Easter Sunday started like many Sundays for Judy Wade. The 69-year-old grandmother, who lives just outside Laurel, Mississippi, baked a pound cake and, once it had cooled, set it beneath the dome of a glass cake stand on her kitchen counter. She watched a livestream church service on her phone with her husband, Robert. And when her son Jerel, who lives just a few miles away, texted her about a twister headed their way, she turned on the weather.
“I was watching the radars and based off what we could see, it was headed straight toward them,” Jerel says. In the house where they’ve lived for forty-five years, where they raised their four children, Judy and Robert ducked into the small bathroom off the living room. Within two minutes, the tornado arrived. Winds ripped part of the house off its foundation and sent it spinning toward the road; tree limbs crashed in the front yard and through windows; most of the roof went flying, except for the living room and bathroom where Judy and Robert huddled together.
“My parents are fairly low-key,” Jerel says. “When I checked on them again, as soon as the storm had passed, my dad said, We’re okay, but it looks like the roof is off in the kitchen. So I headed over there, thinking I’d need to help them put a tarp over a hole.”
Jerel and his son jumped in the truck, but they couldn’t get past all the downed trees. Reports would later confirm thirteen tornadoes struck Mississippi and Louisiana on Sunday, and Laurel was hard-hit. They walked half a mile to grandma’s house, where, Jerel says, “we realized, there is no more house. The walls were off, just ripped clean off. But my parents didn’t have a scratch, they didn’t have nothing happen to them other than shaken nerves and shock.”
Jerel scanned the debris. Pressure had sucked the refrigerator straight out of the kitchen. “But on the island, on that same nice glass type dish she has, the pound cake sat. Mom pointed it out to me.” The cake hadn’t moved a bit.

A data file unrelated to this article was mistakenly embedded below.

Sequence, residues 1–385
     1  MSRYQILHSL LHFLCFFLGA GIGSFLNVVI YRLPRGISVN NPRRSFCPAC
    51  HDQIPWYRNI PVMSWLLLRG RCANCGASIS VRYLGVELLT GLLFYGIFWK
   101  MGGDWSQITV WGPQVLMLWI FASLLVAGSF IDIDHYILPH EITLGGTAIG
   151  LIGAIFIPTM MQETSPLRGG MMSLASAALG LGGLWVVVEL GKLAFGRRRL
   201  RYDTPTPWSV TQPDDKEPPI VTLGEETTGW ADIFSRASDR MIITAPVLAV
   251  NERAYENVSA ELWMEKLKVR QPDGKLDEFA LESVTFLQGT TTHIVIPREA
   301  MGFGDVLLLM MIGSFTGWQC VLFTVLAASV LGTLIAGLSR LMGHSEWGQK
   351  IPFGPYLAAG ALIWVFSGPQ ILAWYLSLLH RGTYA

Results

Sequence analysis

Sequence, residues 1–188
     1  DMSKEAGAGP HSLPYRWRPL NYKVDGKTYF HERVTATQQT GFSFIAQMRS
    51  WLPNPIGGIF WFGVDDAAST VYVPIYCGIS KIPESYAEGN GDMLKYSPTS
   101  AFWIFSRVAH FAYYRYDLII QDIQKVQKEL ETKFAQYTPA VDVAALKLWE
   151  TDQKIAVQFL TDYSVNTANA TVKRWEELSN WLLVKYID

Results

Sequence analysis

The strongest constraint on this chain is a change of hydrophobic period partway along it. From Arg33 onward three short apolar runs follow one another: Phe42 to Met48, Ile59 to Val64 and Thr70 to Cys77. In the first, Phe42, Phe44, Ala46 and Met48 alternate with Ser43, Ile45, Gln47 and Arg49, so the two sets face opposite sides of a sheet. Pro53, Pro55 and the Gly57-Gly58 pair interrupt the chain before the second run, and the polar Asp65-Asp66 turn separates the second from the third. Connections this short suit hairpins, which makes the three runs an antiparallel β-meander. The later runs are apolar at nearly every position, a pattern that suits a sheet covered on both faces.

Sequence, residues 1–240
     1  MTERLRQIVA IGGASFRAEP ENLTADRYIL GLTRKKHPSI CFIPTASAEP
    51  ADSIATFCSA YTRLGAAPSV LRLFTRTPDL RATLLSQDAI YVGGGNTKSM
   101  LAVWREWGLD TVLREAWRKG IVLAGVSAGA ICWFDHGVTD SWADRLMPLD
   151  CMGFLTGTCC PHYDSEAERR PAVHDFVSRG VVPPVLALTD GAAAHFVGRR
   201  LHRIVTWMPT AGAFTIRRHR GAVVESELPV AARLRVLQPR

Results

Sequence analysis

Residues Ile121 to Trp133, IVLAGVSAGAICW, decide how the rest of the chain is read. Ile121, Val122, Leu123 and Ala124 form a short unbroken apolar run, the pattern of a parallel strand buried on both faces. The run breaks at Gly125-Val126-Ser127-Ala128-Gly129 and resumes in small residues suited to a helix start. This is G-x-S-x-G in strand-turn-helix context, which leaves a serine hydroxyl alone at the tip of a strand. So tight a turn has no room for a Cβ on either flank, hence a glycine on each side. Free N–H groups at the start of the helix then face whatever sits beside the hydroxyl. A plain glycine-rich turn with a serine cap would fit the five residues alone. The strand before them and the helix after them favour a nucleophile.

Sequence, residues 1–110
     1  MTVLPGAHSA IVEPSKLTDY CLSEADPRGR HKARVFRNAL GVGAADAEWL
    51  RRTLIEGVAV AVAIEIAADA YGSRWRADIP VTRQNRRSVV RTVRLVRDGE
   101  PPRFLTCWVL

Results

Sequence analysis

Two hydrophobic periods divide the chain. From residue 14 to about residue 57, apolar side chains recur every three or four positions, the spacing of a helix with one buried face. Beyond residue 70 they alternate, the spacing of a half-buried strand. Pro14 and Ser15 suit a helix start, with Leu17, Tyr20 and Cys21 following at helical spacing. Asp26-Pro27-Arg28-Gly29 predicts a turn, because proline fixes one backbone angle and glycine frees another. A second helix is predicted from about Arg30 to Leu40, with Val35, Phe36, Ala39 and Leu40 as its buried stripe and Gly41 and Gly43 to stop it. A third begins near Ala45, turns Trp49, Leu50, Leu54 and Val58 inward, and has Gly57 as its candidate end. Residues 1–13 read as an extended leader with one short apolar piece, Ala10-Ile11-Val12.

“This was what was kind of comforting to me,” Jerel says, “within minutes, their entire house was destroyed. Forty-five years of memories in that house. But in mom’s frame of mind, our lives were spared, and the cake was spared, and that’s all that matters.”
When Jerel shared pictures of the destruction and the preserved pound cake on Facebook, folks saw it as a beacon of hope. “Are you sure it wasn’t an angel food cake?” one commenter asked. “God’s cake did not move,” said another. And one more: “God knew Mama would be mad.”
Neighbors near Laurel have spent the past few days clearing trees and working to find housing for each other and family (Judy and Robert are staying at their daughter’s home nearby). Jerel says that local churches have stepped in to organize volunteers and direct donations and supplies.
As for the pound cake, Judy is guarding her recipe for now, and Jerel has three theories why. Number one: It’s a very basic recipe but might have just a couple drops of artificial flavoring. But who knows? Number two: She might want to save the recipe for a possible fundraiser or cookbook that could help the community. Number three: “As the photo has gone around, and she’s getting all this buzz, keeping her recipe is Mom’s way of staying sane,” he says. “When she’s lost almost everything else, she knows she has something special, something just for her right now.”